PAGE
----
Work for your relationships



It takes perception, intelligence and reason to have a good attitude.


Whether you have a romantic relationship, a friendship or any other types of “ships,” how hard are you willing to work on your well-being in order to ensure that the relationship survives? 

Put that aside for a bit. Has there been anytime that you have felt that you do not fit within a group of people, or felt as if you weren’t good enough? How did that make you feel? 

As humans, we are given three natural gifts: perception, intelligence and reason. Far too often we find ourselves in an emotional split, too afraid to venture into the unconquered territory of individuality to uncover the true potential of our being. We allow ourselves to be consumed by past experiences, falling back on what we have accomplished and not what we could possibly accomplish, resulting in a fixed mindset and a lack of growth. 

Our subconscious has now been subjected to carry the weight of that self incurred tutelage, and we find ourselves doubting the universal laws of courage and competence, leading into insecurities and the unnatural order of habit. But as humans, is it not our given duty to be curious and seek the hidden truth? 

For example, do we not question why the college charges us for parking, or why Piazza is better than Rialto? And with this, a new problem arises, because with our conscience in such an emotional state, we are unable to deter the difference from realization and resolution. 

We make the assumption we are not subject to change because it is not an immediate one, laying down limitations and restrictions on our lives that we had believed were as natural as they were unnatural. This is where our given human superpowers are vaguely applied, as we all differ in mind and ability. 

Our internal perception of ourselves varies from that of those who see it externally. Analyze multiple perspectives to identify a common pattern, and use the power of intelligence to apply your knowledge and skills to create a solution.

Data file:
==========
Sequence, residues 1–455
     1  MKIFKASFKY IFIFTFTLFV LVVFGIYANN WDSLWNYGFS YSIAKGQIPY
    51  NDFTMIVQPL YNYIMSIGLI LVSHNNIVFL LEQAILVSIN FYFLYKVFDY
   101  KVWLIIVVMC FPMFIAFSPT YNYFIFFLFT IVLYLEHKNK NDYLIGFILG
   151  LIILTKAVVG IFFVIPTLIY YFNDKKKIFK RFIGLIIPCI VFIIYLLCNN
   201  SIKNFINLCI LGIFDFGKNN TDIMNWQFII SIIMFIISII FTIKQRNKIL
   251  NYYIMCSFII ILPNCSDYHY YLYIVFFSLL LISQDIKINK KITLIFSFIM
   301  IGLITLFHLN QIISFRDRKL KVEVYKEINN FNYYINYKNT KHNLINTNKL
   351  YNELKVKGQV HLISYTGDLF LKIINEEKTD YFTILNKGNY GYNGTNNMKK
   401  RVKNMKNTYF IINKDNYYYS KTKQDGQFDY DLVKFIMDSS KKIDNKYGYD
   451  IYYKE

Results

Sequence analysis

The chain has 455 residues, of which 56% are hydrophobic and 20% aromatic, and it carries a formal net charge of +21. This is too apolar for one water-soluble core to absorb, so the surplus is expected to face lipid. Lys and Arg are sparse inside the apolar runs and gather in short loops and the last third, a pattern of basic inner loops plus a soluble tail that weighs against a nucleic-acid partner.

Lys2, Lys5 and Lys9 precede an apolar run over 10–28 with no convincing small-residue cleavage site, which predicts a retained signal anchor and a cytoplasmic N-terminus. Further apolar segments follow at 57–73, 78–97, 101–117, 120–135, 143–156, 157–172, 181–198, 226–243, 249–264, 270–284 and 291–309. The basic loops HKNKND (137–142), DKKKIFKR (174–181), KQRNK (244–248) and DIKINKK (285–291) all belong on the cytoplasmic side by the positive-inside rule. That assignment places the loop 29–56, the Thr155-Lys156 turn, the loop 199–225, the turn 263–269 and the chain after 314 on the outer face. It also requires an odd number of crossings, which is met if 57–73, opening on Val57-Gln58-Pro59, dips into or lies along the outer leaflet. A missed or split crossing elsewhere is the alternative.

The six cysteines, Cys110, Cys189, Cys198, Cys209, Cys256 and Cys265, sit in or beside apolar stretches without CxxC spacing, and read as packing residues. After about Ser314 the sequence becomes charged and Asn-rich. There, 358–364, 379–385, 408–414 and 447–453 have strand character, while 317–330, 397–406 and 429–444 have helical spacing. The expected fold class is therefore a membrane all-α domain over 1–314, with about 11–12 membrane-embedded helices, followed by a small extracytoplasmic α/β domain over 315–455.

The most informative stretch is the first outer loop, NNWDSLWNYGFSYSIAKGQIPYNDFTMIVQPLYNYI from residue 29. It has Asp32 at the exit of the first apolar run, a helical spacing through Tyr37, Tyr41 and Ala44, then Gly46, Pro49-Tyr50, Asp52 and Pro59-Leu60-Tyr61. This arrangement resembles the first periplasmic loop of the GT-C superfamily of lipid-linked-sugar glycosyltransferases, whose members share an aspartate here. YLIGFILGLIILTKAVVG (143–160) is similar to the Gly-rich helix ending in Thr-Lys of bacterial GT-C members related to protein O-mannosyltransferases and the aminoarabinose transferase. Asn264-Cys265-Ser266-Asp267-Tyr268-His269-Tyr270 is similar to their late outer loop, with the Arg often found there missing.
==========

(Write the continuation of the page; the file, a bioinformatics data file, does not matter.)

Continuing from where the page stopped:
Finally, the power of reason will wire our brains into remembering the consequences of repeating that pattern. In today’s society, we are encouraged to question any and all answers, whether it is internally or externally, and are discouraged from the dangers of habit and daily repetition. Now we return to the initial question and hopefully can resolve it, even if we already know the answer: whether you have a romantic relationship, a friendship or any other types of ships, how hard are you willing to work on your well-being in order to ensure that the relationship survives? 

I cannot speak for the rest of you but can only provide my personal insight on the matter. I recently reached an unfortunate point with my friends where I was ready to give up on myself, and it seemed like the conclusion of my friendship with them. There have been multiple occasions where I was responsible for an argument, which led me to believe that I was the problem. 

My friends made it clear to me that I was not the problem, but my attitude, way of thinking, and going about things was. When they told me they still loved and cared about me, I knew what I was willing to do for them and for myself. I listened to their feelings, identified the reason, and am applying my knowledge to create a solution. Although it is going to be hard to separate my past experiences from the present ones, I cannot simply just “go with the flow” and continue the way I have been. I need to feel that flow, interpret it, live it, and love it.